In 1983, when I was 8 years old, my parents had a conversation around the dining room table in my hometown of Superior, Wisconsin, in the northern United States. They debated whether or not to let me watch the made for TV movie called The Day After, which was set to air that evening on network television. They decided that it couldn't be any worse than letting me watch Star Wars, so that evening I watched the premier of The Day After. The film showed atomic bombs reducing humans and animals to skeletons, and a city was blown to rubble.
For years afterwards, I went to bed praying that I would not be bombed to atomic oblivion while I slept. I worried about what our pet dog would do if the entire family died in a fireball. After the Day After is my attempt to come to terms with a lifetime of fear, distrust, and anxiety about nuclear annihilation by filtering a vision of destruction through my personal visual vocabulary of animated collage-based images.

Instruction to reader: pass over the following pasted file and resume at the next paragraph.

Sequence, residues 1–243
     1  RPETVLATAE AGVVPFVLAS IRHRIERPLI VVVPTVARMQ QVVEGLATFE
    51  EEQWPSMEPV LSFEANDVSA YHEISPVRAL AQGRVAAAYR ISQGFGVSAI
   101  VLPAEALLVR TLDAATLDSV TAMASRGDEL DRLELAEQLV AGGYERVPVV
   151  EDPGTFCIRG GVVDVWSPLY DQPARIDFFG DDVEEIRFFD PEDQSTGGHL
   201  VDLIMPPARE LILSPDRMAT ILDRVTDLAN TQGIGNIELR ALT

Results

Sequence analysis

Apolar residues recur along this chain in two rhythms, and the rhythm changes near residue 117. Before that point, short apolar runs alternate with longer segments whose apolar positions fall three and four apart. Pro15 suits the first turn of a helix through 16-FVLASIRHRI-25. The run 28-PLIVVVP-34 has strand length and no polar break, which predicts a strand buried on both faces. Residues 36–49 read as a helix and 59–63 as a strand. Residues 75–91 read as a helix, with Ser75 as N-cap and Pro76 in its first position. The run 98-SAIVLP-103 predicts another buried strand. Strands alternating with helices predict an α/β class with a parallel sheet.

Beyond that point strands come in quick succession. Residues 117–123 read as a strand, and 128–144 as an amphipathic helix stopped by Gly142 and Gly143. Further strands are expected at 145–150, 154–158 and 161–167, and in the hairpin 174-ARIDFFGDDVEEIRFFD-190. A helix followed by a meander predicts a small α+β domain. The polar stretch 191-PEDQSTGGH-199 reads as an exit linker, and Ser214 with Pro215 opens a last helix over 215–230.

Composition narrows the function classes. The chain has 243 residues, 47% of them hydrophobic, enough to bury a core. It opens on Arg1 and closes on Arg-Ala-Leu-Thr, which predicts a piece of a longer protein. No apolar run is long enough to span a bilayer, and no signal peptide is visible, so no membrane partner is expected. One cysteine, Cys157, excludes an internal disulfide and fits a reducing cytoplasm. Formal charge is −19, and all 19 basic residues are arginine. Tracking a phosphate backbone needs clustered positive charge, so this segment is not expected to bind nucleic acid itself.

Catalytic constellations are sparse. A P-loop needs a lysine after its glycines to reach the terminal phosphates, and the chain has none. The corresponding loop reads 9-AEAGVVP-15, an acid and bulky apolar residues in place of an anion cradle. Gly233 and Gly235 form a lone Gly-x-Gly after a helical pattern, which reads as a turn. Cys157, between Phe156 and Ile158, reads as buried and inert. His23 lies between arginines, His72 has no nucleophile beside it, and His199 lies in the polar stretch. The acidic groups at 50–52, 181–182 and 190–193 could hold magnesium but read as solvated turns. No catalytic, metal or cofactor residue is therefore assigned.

Nathan Meltz uses collage, painting, printmaking, and animation to comment on the infiltration of technology into every facet of life, from politics and food, to family and war. Meltz's New York Exhibitions include the Woodstock Video Art Festival, the Catskill Film and Video Festival, the Chatham Farm Film Festival, the New York PBS affiliate WMHT series TV/Film, and solo exhibitions at the Thaddeus Kwiat Projects Gallery and Gallery 111 at the Rennselaer Polytechnic Institute. Nationally, he has exhibited at K Space Contemporary(TX,) where he was awarded the 2-D merit award, the 2010 Miami Fountain Art Fair, the Des Lee Gallery(MO), Landmark Arts at Texas Tech University, and has work in the upcoming 2012 Wisconsin Film Festival. Meltz exhibited prints, collage, and video at the IN Graafika Festival, Pärnu, Estonia, and has had his work featured in the publications Paper Politics, Sociological Images, Printeresting and the Mid America Print Council Journal.
A recent graduate of the State University of New York at Albany MFA program, Meltz is an Adjunct Professor of Printmaking at SUNY Albany and an Adjunct Professor of Foundations at the Rennselaer Polytechnic Institute in Troy, NY.